Twitter’s new owner characterized the decision to suppress the story as "obviously incredibly inappropriate."

Musk laudably hopes that "even my worst critics remain on Twitter, because that is what free speech means."

America agrees with him. A majority believes that Twitter censored free speech under its old management, while 57% approve of Musk’s purchase.

If the massive chorus of cheers reveals a conservative movement more confident and more united than it has been for years, progressives and, unsurprisingly, their small allied community of Vichy conservative confederates are in a tizzy.

The New York Times, which recently editorialized that America has a "free speech problem," now maintains that free speech on Twitter is inherently problematic and should not be allowed.

One scold at the former paper of record dismissed Musk’s buyout as "a problem masquerading as a solution," while another of its hysterics suggested that loosening Twitter’s speech restrictions would turn it into a "cesspool" and prove to be a bad business decision.

The Washington Post, which is also solely owned by another billionaire  a billionaire who has not had the poor manners to advocate free speech  fears that Musk will "ruin" Twitter and "change it for the worse" by allowing speech to resound freely.

The saturnine Bulwark, largely staffed by refugees from the failed Weekly Standard, which went out of business in 2018 after adopting a puerile Never Trumper line, fantasizes that a free Twitter may take the wind out of the sails of alternative social media platforms to which right-wingers have gravitated.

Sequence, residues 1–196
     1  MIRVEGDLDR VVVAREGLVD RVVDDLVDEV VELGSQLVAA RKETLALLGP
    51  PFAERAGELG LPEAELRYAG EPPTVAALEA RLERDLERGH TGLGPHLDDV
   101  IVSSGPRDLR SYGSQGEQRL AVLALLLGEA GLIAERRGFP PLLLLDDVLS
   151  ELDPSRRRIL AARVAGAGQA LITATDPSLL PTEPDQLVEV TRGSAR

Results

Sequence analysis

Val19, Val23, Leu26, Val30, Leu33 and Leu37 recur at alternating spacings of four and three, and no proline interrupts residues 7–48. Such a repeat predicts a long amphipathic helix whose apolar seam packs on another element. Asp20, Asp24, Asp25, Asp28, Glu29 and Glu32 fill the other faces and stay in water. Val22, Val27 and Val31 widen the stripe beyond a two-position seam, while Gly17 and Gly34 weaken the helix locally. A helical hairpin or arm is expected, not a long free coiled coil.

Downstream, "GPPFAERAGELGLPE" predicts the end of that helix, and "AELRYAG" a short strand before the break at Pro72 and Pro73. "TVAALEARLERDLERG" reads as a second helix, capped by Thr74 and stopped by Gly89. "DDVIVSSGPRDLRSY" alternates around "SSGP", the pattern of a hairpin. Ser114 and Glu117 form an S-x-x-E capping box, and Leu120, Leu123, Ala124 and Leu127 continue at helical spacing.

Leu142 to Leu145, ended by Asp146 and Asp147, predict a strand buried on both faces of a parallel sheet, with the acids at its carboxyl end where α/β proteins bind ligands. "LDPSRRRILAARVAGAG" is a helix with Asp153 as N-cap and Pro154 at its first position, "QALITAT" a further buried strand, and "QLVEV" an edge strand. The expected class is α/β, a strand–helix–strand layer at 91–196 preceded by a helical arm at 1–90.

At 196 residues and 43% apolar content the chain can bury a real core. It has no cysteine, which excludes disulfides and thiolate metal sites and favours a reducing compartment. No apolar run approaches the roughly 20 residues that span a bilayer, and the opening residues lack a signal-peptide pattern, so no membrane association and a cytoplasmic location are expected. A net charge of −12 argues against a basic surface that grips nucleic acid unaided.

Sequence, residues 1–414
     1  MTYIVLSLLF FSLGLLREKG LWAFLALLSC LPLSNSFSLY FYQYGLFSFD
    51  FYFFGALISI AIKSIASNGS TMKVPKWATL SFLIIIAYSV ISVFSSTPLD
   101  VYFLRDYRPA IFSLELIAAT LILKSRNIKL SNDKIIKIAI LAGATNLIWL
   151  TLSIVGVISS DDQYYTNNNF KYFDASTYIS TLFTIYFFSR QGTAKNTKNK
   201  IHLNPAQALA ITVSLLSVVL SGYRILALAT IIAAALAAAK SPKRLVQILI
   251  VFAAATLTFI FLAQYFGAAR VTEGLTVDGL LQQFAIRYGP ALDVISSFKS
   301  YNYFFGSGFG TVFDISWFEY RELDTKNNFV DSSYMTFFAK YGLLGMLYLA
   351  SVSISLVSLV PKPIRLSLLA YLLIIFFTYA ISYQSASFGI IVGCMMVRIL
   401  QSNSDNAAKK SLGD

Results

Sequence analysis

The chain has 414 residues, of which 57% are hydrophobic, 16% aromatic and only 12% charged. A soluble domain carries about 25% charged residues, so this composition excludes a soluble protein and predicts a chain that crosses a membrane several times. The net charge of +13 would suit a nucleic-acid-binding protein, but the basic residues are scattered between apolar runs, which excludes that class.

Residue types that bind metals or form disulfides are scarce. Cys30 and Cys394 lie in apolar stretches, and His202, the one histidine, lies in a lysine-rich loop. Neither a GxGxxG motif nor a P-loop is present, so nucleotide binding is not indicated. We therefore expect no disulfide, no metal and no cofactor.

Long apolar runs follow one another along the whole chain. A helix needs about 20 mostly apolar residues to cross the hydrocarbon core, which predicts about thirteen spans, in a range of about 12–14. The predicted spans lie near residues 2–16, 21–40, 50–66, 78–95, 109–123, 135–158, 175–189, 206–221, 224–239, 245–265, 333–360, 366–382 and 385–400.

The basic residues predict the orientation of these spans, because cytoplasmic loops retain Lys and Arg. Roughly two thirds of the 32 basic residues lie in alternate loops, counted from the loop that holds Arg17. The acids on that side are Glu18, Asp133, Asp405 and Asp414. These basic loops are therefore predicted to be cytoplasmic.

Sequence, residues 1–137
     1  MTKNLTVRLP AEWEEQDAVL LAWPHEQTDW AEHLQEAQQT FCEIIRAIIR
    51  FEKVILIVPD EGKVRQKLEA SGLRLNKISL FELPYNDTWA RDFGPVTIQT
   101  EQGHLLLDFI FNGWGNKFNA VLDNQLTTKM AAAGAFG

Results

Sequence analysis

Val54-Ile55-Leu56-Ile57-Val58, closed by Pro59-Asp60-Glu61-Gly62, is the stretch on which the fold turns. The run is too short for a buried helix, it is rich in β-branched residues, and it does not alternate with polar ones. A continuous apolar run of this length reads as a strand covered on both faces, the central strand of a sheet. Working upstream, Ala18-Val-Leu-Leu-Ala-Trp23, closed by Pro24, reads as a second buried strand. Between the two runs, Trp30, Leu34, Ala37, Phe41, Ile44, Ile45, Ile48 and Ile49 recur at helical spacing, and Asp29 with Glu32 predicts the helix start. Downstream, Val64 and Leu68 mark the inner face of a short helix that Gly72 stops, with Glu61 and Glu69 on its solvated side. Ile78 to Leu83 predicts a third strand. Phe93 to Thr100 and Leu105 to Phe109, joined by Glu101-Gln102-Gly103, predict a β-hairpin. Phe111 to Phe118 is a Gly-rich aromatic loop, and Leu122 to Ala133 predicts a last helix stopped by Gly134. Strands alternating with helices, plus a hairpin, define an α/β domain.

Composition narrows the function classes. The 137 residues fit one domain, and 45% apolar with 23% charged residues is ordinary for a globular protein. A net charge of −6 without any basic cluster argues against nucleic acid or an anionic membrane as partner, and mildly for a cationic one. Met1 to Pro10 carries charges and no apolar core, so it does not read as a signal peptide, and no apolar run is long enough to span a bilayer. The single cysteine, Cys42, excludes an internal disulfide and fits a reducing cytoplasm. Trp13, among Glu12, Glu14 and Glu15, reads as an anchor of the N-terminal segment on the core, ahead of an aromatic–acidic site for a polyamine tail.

For that petty reason, but not for the prospective restoration of free speech, Bulwark offers "half a cheer" or "a mild affirmative grunt" for Musk’s ambition.

A number of progressives have announced that they will leave Twitter, albeit in the same unconvincing way that they offered to make America a better place by moving to Canada after Trump’s first election to the presidency, in 2016.

Perhaps the most hysterical reactions came from within Twitter itself.

Project Veritas, a hardnosed investigative outlet that was itself banned from Twitter in February 2021, revealed a leaked audio recording of an internal "all hands" virtual meeting in which Twitter employees were deeply troubled by the prospect of free speech.

One who obviously lacked much of a civics education asked whether there was “an updated definition” of the concept that may have eluded the company’s workforce.